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» April 21, 2006 «
First official estimates of crop damage from inclement spring weather have reached $50 million dollars. The figure comes from reports issued in only three counties: Fresno, Tulare and Santa Cruz. Authorities say the numbers will likely increase as more damage becomes apparent. Rain, hail and unseasonable temperatures damaged crops including flowers and nursery plants, berries, vegetables, tree fruits and nuts.
State officials urge dairy farmers to develop emergency evacuation plans for their animals, in the event of natural disasters. They'll visit a dairy in Merced today (Friday) to highlight the need for evacuation plans. Cows from the dairy had to be evacuated when floodwaters threatened the animals. The cows are still being housed on higher ground. Flooding threats have eased somewhat, though officials warn that many rivers will remain high for weeks.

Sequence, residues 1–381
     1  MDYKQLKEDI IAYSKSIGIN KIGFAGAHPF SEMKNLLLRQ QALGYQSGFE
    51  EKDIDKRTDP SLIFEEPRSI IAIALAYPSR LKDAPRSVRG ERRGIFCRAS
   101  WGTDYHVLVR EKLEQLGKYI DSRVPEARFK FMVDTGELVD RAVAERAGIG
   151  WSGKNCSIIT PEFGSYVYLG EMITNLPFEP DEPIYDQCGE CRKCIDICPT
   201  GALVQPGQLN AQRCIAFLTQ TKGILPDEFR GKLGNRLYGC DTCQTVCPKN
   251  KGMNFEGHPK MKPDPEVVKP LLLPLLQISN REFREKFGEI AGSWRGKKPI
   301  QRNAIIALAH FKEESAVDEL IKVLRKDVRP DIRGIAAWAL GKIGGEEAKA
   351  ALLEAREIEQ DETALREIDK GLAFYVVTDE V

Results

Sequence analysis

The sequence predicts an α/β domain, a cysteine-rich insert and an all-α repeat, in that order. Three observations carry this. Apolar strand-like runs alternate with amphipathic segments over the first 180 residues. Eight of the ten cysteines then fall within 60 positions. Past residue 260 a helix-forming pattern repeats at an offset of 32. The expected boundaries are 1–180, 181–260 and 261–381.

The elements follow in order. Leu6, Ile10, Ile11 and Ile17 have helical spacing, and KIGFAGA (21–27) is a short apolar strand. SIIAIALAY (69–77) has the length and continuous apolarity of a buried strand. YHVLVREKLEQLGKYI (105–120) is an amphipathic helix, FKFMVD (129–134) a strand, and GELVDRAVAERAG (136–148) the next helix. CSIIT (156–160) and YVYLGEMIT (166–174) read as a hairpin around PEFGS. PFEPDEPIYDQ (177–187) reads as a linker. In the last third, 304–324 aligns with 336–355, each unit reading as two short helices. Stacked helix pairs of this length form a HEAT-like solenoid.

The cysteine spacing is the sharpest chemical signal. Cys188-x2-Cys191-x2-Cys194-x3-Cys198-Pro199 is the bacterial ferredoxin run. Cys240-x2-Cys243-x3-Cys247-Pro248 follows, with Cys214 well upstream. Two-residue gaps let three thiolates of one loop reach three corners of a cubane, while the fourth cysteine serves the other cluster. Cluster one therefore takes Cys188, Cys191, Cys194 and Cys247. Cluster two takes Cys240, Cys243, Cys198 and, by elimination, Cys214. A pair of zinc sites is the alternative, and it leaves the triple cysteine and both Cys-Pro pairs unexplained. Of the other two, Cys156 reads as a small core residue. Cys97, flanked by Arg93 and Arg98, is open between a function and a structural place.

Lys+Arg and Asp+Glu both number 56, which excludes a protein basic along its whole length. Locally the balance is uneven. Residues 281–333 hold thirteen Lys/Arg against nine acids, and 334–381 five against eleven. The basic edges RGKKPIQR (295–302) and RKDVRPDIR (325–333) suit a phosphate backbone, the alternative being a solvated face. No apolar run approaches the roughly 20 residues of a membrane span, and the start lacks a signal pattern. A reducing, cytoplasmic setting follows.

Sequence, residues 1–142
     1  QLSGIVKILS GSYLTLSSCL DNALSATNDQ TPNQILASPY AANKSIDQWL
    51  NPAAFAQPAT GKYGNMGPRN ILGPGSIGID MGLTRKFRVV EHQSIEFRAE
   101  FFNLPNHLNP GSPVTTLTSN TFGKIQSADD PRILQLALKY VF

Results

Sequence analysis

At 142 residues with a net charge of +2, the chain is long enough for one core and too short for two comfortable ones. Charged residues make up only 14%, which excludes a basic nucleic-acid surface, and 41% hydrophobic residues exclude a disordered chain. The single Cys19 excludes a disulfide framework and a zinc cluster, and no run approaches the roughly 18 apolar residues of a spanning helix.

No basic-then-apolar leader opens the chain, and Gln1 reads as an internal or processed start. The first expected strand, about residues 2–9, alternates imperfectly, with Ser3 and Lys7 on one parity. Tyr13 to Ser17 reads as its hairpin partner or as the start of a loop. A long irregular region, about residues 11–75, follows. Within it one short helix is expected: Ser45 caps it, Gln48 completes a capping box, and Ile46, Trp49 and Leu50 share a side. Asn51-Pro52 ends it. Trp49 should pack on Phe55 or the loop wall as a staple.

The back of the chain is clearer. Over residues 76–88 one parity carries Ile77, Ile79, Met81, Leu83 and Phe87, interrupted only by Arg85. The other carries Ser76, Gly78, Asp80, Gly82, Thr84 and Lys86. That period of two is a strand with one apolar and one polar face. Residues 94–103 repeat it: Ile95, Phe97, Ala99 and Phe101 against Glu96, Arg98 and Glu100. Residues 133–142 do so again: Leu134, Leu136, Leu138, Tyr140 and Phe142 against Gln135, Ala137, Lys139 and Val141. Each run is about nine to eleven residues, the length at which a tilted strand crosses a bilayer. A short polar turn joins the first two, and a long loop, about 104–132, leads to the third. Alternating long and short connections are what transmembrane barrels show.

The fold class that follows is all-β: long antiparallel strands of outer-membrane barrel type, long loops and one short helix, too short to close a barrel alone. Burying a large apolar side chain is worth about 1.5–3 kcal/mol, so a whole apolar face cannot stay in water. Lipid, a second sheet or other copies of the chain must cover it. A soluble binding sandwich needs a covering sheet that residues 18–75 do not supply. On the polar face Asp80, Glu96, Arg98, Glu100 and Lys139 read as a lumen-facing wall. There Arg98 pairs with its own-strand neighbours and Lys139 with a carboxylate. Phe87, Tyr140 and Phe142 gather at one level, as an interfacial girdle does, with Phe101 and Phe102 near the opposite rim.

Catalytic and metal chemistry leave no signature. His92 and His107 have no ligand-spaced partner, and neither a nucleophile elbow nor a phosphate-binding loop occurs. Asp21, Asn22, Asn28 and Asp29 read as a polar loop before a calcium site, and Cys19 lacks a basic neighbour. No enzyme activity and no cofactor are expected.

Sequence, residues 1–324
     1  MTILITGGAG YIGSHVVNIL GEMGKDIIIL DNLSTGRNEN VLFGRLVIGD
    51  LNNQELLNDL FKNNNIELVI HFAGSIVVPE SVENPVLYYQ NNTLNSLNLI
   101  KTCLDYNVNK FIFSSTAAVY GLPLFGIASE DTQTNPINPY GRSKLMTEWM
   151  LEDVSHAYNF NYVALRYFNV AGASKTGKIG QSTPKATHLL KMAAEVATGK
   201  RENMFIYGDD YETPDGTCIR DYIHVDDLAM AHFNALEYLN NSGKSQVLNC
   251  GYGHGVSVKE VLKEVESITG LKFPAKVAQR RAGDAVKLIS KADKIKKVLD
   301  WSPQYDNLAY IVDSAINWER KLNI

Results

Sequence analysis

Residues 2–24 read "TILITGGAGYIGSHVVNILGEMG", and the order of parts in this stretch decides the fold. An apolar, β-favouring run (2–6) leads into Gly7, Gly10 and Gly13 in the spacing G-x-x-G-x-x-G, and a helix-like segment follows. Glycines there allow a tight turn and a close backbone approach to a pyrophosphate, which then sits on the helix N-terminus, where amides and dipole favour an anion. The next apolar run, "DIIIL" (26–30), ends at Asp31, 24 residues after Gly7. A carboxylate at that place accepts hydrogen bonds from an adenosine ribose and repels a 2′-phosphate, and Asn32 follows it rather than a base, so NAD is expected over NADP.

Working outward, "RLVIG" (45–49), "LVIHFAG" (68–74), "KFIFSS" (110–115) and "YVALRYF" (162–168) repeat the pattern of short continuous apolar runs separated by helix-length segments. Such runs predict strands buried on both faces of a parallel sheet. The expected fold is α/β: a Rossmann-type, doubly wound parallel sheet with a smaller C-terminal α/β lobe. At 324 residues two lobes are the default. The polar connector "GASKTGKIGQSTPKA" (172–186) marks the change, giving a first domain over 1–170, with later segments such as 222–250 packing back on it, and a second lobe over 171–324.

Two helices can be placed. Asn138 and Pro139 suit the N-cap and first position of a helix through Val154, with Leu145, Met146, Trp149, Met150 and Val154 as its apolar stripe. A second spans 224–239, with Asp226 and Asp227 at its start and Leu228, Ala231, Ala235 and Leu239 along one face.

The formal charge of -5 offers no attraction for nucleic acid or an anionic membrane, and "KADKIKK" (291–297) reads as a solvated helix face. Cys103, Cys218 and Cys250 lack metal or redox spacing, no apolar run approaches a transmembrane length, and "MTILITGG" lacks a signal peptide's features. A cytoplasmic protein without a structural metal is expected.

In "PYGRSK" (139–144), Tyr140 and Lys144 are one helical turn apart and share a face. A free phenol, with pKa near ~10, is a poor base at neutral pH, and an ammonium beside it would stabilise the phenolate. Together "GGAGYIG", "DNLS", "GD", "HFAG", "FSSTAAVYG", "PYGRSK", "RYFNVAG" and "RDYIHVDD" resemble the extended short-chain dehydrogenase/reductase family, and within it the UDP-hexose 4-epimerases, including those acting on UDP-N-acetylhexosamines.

Farmers who buy water from California's largest irrigation system learned yesterday (Thursday) that the spring storms have made more water available. The federal Central Valley Project says it will provide 85 percent water allocations to farm customers south of the Sacramento-San Joaquin Delta. The previous allocation was only 65 percent. Customers of the State Water Project learned earlier this week that they would receive 100 percent allocations.
Fuel prices continue to rise, in part because California gasoline and diesel production dropped last week. The California Energy Commission says spot prices increased 22 cents a gallon in a week's time. Inventories were actually higher than last year at this time, but refinery outages for planned and unplanned maintenance tightened production. California diesel-fuel production declined by almost 5 percent from the previous week.Top